Jody Vance: “Why is Vancouver’s reality an endless cycle of raised taxes, costs, fees, and charges?” Why indeed.
Let’s just state the obvious: the City of Vancouver failed miserably in its response to COVID-19.
This born and raised Vancouverite struggles to give our current mayor, council and park board a 2/10.
As we move past the emergency phase of this pandemic, looking back the lack of local leadership isn’t just lacklustre, but downright appalling.
Those who use their positions at Vancouver City Hall to float or ram through their agendas are actively harming this city.
I’m all for fighting climate change and doing whatever we can on a provincial and national scale to do my part, but it’s time to let go of the “Greenest City” ego march. Because the collateral damage built into the latest initiatives is a train wreck for the citizens leaders are elected to serve.
I can’t understand how any official can look to Vancouverites barely past this pandemic and think “now is the perfect time to add more costs.”
On top of the entrenched affordability angst in BC’s major metropolitan jewel we face more on multiple fronts. The Climate Emergency Initiative is a greenwashed tax grab that has citizens of Vancouver going nuclear.
City Hall has gone too far this time. The only Middle here is to walk back the residential permit parking fees, zero emissions fees, and any proposed mobility pricing to wall in the already hollowing out downtown core.
As my UnSpun Podcast partner says, we cannot afford another “bullshit cup of coffee.” That’s the catch phrase for “just a little more is needed for us to do _______.”
No. Done. Too many have already been forced to move from that cup of coffee to tap water to pay the tax on our taxed taxes.
Canada’s most spectacular city has long been a political running joke. It’s not that Vancouver’s municipal government suddenly became lacklustre, but has been allowed to continue through unprecedented times.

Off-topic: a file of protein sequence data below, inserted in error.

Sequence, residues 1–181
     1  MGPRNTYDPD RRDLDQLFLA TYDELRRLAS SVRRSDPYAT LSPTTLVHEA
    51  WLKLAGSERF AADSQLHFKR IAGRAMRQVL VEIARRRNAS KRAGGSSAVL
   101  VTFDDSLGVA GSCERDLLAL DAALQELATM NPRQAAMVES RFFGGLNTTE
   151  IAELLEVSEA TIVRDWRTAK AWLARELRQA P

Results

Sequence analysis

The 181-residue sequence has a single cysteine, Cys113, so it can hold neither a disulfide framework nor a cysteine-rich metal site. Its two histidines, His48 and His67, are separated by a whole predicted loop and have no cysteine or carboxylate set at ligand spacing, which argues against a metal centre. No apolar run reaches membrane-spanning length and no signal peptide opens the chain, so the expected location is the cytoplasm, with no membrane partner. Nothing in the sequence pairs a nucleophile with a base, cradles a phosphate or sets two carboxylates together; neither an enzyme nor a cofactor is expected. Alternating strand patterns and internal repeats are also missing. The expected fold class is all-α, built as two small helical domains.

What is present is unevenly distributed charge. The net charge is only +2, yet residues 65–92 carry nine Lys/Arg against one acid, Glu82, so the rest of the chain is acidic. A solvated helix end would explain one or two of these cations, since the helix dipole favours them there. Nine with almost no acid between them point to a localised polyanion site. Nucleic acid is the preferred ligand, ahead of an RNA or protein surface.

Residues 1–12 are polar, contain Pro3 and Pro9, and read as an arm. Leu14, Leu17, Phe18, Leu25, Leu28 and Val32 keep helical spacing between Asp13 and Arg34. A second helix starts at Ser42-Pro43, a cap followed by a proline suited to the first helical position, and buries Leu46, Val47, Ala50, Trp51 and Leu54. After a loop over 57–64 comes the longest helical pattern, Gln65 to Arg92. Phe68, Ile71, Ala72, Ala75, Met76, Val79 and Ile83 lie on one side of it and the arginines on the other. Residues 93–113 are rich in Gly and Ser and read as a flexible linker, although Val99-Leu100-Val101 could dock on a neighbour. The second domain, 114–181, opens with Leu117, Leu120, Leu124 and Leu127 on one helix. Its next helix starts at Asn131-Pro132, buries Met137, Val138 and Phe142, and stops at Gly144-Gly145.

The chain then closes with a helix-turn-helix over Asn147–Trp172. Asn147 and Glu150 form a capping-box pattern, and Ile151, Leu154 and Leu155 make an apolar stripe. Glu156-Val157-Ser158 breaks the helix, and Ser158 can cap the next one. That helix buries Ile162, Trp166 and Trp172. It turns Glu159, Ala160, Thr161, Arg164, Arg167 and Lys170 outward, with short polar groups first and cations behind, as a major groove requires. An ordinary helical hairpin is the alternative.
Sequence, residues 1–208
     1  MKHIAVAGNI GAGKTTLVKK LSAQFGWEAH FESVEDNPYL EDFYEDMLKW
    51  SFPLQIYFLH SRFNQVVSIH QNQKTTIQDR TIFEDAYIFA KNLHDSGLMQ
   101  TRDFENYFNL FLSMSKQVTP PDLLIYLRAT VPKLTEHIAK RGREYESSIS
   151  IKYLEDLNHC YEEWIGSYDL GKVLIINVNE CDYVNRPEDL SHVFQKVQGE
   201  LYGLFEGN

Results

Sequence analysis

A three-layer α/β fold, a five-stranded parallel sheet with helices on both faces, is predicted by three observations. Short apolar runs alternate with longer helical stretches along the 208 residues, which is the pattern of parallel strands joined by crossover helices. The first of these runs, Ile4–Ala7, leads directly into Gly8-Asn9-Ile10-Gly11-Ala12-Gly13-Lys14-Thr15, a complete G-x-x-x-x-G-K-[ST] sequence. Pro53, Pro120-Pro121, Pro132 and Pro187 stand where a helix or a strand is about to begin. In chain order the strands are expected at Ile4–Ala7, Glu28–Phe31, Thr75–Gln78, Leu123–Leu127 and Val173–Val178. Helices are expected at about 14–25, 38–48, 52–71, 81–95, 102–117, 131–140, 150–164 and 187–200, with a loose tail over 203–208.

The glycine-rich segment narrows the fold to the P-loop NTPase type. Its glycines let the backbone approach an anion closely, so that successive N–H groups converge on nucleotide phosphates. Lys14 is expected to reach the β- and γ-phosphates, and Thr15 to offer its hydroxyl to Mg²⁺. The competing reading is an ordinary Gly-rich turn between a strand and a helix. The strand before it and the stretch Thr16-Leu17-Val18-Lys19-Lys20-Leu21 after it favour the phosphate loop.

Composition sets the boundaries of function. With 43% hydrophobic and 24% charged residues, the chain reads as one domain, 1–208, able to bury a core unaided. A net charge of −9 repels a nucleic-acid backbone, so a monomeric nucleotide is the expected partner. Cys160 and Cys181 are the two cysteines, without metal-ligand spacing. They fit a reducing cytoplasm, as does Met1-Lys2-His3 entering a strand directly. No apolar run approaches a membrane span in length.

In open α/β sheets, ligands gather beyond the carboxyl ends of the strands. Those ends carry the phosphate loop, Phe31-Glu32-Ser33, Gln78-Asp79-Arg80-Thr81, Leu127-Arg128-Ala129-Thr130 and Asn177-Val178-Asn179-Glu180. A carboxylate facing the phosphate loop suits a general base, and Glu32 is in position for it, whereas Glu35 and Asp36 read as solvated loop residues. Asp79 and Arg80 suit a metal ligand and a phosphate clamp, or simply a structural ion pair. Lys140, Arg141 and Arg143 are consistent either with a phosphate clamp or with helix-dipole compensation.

Massive spending on things that do nothing to address real, immediate urgent needs. Not another report or plan or study or survey.
No more pet projects, political virtue signalling, grand gestures at press availabilities that do nothing, or sweeping statements on City letterhead that have no impact, build nothing, and save no one.
The current trajectory of cost of living in Vancouver is unsustainable. Serving small slices of society at the cost of all others should be halted, and it might take the Provincial Government to step in.
Seriously, UNCLE. My Middle is a plea – a scream even – for an adult in the room – and an audit of City spending.
Why cannot the provincial government – with an eye to its urban support base and real concerns about affordability – mandate municipal transparency with how tax dollars are spent? Then, the budget should be slashed to the core before adding to the already prohibitive cost of living in Vancouver.
I’m a born and raised Vancouverite who has vehemently defended this city on a global, national, and provincial public stage – but after decades of defending mounting “reasons” for paying a premium to live here, I’m at my limit.